An article in the New York Times yesterday, based on a new study reported in Nature Communications, says that previous estimates of the effects of sea level rise due to climate change have been far too optimistic. ‘The new research shows that some 150 million people are now living on land that will be below the high-tide line by midcentury’ – many of them in large cities such as Bangkok and Shanghai. This is not a worst-case scenario but a most-likely scenario based on the current rate of carbon emissions.
For those of us relatively unaffected by flood, drought, hurricanes, wildfires, extinctions and other effects of global heating, news about them has become a virtual flood of information, and sometimes we feel as if we’re drowning in it. How are we supposed to respond?
With anxiety about our children’s future?
With guilt, because we’ve played our part in the consumptive economic system that is causing it all, and we haven’t done enough to curb our emissions, and we know that the worst effects of this accelerating catastrophe are suffered by those least responsible for causing it?
With rage against the wealthy oligarchs who buy off politicians and flood the media with toxic progaganda so they can continue to profit from their ownership of the economic engine?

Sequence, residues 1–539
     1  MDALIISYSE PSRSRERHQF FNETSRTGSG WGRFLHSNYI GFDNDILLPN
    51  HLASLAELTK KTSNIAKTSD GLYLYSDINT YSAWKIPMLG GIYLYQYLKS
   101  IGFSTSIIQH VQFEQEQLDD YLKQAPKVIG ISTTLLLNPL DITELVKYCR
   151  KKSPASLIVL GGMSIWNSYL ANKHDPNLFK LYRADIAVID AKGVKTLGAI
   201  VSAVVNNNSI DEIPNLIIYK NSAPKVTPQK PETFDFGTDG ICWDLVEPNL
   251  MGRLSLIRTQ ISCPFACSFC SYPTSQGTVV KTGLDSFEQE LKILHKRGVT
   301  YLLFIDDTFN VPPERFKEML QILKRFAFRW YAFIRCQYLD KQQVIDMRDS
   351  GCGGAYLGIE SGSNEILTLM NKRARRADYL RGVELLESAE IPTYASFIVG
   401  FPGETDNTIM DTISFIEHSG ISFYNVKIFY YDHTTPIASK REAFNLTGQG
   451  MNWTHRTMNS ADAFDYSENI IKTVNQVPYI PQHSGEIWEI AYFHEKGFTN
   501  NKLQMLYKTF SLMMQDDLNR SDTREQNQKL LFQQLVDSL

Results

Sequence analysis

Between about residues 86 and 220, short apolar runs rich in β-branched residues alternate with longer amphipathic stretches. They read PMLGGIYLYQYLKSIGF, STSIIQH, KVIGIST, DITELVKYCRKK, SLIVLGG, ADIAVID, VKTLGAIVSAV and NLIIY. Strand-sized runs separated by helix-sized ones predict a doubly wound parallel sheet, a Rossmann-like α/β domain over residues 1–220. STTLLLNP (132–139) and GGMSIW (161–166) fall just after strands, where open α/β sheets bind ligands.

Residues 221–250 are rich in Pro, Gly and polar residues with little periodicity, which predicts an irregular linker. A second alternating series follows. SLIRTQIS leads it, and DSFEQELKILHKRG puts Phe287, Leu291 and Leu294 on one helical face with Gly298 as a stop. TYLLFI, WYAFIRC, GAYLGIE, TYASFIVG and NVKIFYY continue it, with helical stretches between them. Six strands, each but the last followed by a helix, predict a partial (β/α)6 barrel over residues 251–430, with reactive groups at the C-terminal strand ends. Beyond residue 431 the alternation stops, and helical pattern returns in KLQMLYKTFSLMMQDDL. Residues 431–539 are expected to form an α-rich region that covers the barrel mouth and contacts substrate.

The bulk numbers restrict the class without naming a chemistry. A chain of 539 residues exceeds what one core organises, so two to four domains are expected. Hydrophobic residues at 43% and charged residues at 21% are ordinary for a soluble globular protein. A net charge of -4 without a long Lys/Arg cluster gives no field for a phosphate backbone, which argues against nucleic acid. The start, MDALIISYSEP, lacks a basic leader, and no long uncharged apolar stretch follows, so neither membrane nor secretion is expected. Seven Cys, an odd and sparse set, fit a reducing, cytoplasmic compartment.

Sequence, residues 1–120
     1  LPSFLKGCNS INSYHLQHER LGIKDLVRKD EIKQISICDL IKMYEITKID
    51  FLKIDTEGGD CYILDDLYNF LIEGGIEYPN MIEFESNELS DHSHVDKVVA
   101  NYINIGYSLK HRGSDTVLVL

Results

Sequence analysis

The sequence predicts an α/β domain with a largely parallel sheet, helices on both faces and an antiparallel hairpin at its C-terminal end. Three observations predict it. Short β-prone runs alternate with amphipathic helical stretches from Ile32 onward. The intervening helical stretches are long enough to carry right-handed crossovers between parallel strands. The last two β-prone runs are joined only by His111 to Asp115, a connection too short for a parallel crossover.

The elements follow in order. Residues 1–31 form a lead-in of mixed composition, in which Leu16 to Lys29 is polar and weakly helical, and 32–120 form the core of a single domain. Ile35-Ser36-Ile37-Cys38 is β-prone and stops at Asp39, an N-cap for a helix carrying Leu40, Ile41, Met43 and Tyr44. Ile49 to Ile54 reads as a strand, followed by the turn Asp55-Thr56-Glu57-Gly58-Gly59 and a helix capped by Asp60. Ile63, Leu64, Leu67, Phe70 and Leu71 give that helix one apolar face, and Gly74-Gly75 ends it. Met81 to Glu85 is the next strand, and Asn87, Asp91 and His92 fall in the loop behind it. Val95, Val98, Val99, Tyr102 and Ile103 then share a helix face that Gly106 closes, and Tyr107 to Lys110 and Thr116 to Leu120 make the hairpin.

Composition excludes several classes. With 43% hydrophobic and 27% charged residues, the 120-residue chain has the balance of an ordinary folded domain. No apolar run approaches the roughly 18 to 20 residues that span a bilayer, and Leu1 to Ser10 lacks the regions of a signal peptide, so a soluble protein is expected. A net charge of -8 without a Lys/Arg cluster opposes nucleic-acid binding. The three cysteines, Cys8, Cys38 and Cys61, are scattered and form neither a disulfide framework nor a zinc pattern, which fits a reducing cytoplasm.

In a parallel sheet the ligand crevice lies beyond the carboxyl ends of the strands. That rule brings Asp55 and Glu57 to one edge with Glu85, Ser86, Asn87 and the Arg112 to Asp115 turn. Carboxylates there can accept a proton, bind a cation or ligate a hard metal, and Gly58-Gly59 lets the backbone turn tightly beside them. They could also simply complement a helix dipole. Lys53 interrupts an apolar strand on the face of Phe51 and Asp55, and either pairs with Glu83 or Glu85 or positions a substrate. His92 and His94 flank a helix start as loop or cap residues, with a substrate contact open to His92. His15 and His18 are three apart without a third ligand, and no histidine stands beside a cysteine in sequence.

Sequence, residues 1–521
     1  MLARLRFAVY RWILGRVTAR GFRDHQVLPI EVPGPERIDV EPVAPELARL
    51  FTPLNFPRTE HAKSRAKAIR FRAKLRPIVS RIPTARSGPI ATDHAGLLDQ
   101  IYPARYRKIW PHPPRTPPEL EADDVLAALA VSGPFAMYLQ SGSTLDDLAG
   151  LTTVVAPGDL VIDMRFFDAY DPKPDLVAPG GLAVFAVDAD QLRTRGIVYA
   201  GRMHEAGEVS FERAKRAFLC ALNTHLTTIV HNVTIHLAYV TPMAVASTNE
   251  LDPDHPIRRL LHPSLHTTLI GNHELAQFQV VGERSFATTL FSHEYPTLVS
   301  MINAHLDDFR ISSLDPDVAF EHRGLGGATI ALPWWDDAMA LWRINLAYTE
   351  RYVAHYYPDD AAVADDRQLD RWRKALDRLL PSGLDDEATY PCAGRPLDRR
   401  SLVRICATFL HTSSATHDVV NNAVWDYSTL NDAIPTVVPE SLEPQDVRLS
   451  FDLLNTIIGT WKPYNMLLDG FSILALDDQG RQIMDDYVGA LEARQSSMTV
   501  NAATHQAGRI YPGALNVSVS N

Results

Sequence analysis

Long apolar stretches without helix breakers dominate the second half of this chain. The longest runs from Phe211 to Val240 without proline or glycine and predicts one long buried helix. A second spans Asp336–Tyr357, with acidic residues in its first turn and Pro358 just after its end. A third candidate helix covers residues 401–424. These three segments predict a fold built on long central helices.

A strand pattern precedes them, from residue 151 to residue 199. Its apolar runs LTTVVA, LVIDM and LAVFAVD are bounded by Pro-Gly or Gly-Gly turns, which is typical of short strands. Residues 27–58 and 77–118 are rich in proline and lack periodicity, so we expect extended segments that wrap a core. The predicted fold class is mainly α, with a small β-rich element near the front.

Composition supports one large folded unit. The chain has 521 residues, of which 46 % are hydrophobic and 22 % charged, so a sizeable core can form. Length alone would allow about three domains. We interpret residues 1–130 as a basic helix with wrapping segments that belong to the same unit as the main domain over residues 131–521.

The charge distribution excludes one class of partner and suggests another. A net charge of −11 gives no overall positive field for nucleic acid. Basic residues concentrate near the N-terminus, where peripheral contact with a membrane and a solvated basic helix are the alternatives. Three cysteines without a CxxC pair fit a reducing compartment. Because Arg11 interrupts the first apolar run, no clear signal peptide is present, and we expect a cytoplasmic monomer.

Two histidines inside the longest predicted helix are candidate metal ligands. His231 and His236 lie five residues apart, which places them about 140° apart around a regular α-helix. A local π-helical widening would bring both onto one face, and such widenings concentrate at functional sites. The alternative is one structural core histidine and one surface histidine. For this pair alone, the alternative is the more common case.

With despair because there’s nothing we can do about all this?
By “changing the channel,” distracting ourselves from a painful reality?
With commitment to the cause of changing the system into something more just and ecologically sensible? That seems to me what a good citizen of the world would do – perhaps motivated by some combination of anxiety, guilt and rage. But i doubt whether such a commitment can be sustained by those feelings. Rather, the sustenance of commitment has to be something more like love. Hope helps too, if it’s something deeper than optimism. But the core of it, i feel, is not the fear of losing what we love, but the inconceivable joy of its presence to us and with us now.
Can that kind of joy be invoked or evoked or expressed with words? I don’t know. It depends on what kind of practice follows from the words. Sometimes the magic works, and sometimes it doesn’t.